First of, I know there are lots of similar questions here in Music Stack Exchange. My point here is not abstractly ask whether it is possible at all to learn violin by self study and get a "absolutely impossible, give up" or "if you work hard enough you can accomplish anything in the world" answer; rather, I want to ask those with more experience if I can - given my sets of skills, experiences and constraints - successfully self study violin - and which strategies should I adopt in order to optimize the process.

My music background So, I have studied classical piano for 2 years, but that was 4 years ago. In this time, I continued to play and to pick up some new pieces, but without all that rigorous practice (i.e., no metronome, no scales practice etc). I have a solid understanding of musical theory, I can read sheets effortlessly and I have a reasonably good ear.

Since I was a child, I have always taken a self study approach to many things, generally to my benefit. I'm quite comfortable with the idea of sitting in front of a desk for hours until I understand the topic I am studying. Nevertheless, it is generally a good strategy to give a "boost" in the beginning in order to get a solid base, and then continue by oneself.

So, as for violin, what would be a good strategy in this regard? More specifically, which specific topics (posture, arc holding etc) should I find a teacher to help me with, so that I can go on them and study for myself? (given my current musical knowledge)

I know that any teacher would have a different say about this. My point here is to ask for the advice of those who have either taught or learned violin as to which points they think are really "essential".


  • 1
    If you think you can, why ask. The violin is particularly complex, the entire fret-less string family is complex. Piano is an equal tempered instrument (keys define the only notes you have). The violin family can be played in Just or equal temperament. Unless you have that good an ear a teacher would be a good idea (you need to get the correct fingering etc). Bowing technique takes a lot of time to master as well. I would learn the technique from a master. i.m.o it is not advisable to try on your own, too much room for misunderstanding and bad habits.
    – user50691
    Nov 15, 2018 at 20:11
  • By the way, I learned classical violin at age 5, classical bass too for many decades. Now I am mainly a guitarist (but I use a bow when I play Dazed and Confused ;-)).
    – user50691
    Nov 15, 2018 at 20:13

2 Answers 2


Violin is one of the least anatomically suitable instruments, and a linear bow action does not only require counteracting different leverage but also counterbalancing the weight of the bow itself (vertical instruments like cello and double bass have a lot less problems in that regard and also larger pressure overall). As a consequence, violinists are very prone to taking shortcuts: locking some joints in finger, wrist, arm, shoulder belt, clenching some stuff, using only a limited amount of bow length and so on. Any strategically unused joint ends up as helpful as locked knees for running. Also many violinists suffer back problems.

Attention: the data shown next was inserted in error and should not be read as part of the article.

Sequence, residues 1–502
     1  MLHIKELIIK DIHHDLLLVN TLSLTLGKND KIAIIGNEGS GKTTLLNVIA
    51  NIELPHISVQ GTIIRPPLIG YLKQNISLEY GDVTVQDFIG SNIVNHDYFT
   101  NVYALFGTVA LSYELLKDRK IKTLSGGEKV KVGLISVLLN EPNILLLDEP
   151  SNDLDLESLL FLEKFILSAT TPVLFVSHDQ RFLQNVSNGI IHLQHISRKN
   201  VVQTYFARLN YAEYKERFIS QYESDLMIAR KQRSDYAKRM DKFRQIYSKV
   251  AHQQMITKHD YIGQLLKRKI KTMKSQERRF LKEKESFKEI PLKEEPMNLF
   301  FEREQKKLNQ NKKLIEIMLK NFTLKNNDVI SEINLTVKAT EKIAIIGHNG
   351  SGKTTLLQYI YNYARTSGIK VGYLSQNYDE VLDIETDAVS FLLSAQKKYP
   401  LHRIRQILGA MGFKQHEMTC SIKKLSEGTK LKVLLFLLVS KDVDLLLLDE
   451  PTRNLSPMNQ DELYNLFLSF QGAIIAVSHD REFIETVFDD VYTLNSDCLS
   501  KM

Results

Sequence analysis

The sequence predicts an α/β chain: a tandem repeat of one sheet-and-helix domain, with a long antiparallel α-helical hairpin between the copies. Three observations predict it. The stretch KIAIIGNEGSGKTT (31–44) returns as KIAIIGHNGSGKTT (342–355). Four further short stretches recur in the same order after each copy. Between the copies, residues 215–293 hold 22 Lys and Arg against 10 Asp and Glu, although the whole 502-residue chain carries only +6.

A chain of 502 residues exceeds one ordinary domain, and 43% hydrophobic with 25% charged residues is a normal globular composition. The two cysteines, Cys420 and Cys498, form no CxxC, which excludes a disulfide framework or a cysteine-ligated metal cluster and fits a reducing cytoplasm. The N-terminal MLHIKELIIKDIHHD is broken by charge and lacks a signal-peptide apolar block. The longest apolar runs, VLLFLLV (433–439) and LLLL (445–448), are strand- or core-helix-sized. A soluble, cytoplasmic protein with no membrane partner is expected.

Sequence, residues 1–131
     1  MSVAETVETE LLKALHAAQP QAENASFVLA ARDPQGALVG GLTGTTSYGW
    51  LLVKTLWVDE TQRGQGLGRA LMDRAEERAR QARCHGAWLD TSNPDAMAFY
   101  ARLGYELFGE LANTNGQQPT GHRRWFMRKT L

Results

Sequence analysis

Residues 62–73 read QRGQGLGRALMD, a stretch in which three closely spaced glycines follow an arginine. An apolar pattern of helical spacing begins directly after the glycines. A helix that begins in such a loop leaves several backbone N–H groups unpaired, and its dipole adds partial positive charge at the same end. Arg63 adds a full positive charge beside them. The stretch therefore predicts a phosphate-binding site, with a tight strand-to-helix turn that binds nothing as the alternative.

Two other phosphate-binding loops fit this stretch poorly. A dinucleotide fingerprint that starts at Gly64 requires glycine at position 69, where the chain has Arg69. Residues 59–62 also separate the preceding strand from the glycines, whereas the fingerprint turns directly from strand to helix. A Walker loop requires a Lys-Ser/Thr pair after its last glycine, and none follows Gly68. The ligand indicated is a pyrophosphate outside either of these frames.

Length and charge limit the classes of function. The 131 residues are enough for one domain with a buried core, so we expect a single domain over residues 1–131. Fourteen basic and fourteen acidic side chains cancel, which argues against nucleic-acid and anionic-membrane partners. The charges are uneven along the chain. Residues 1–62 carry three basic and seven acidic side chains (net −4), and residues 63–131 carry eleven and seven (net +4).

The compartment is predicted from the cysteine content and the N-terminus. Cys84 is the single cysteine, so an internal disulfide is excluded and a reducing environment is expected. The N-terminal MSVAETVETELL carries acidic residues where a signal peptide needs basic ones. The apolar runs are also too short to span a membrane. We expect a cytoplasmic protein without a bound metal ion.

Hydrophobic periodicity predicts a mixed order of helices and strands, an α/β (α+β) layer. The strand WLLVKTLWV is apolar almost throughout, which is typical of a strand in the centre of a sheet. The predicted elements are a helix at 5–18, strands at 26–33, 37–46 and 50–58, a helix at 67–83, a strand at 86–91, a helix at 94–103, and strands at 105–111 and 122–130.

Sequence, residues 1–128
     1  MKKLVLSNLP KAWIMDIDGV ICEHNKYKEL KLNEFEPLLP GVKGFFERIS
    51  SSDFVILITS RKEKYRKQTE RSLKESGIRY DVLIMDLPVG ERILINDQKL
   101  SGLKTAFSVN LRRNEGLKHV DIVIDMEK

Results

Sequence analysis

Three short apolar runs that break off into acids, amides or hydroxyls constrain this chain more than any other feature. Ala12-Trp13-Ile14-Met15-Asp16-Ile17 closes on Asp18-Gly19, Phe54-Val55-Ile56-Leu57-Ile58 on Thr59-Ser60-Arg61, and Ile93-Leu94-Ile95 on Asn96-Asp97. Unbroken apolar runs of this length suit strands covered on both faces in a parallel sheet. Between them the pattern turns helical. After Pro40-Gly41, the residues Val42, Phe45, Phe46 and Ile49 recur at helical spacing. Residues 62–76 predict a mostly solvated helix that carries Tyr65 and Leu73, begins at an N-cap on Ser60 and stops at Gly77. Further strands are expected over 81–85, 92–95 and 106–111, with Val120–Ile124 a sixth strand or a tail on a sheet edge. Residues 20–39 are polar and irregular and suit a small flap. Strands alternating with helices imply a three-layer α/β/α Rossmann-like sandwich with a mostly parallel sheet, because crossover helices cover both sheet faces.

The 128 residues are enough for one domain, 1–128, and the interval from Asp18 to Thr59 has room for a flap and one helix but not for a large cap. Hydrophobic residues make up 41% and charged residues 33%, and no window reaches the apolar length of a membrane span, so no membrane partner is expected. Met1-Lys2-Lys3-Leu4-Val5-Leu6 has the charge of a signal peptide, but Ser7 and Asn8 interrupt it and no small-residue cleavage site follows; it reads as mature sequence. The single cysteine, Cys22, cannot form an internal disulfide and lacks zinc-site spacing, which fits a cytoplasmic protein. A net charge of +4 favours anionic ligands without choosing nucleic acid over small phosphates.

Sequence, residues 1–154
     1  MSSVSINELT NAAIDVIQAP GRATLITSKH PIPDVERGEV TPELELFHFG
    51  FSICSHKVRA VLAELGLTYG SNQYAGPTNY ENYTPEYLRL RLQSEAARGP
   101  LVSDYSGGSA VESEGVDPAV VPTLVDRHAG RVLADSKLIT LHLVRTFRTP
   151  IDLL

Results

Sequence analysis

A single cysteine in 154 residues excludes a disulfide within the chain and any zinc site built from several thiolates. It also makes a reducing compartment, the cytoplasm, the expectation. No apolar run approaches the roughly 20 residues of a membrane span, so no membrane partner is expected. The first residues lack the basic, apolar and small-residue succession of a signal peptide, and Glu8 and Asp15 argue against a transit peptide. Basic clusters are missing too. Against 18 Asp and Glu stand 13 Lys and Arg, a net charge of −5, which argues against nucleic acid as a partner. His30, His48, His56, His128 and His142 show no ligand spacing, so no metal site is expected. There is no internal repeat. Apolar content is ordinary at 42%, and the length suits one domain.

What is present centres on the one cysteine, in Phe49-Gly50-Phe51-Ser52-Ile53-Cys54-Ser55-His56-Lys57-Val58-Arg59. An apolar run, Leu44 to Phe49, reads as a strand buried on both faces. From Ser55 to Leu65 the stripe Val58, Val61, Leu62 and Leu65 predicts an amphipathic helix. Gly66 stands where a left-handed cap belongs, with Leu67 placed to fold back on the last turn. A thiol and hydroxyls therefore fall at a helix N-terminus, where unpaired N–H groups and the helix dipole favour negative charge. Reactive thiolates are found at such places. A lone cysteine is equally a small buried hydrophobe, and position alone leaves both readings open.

There are lots of opportunities for shortcuts leading to faster successes at various separate endeavours at the price of longterm failure when needing to utilize all stuff together.

Good, healthy, and sustainable technique is an issue for basically all instruments. But it's rarely as pervasive a topic as when playing the violin.


I had piano lessons for many years and taught myself guitar, and now I'm working on violin and clarinet. The biggest difference I've found in violin and clarinet line up with the current comments and the other answer: just making a single note with the proper technique is extremely difficult. That is not true with piano or guitar. Certainly not piano. Press a key and you get the sound.

It is important to be ergonomic on piano and guitar to prevent injury. That's also true for the violin, but it's also a big challenge to use a technique that creates a solid note that is also ergonomic. If I spend 30 minutes practicing the violin, it's about 20 minutes of just bowing while thinking about my posture, arm position, hand position, grip on the bow, etc. etc. Each different string, note, volume level, and articulation requires extensive practice to make it sound correct. Again, this is very different from the piano where you can play staccato by just lifting your finger and play legato by holding it down. Pressing any key on the piano is pretty much like pressing any other.

I would get a children's violin book, like the first Suzuki method book or something like that, and I would also get a full-length mirror. Make sure you at least have a start on learning posture, position of the violin on your neck, head position, bow positions, grip, and bow technique before you start to try to learn any music. The mirror is so you can look at yourself and make sure you have everything in the right place. It's better to have a teacher who knows what you should look like and can watch and correct, otherwise you have to try to concentrate on being the teacher and student at the same time.

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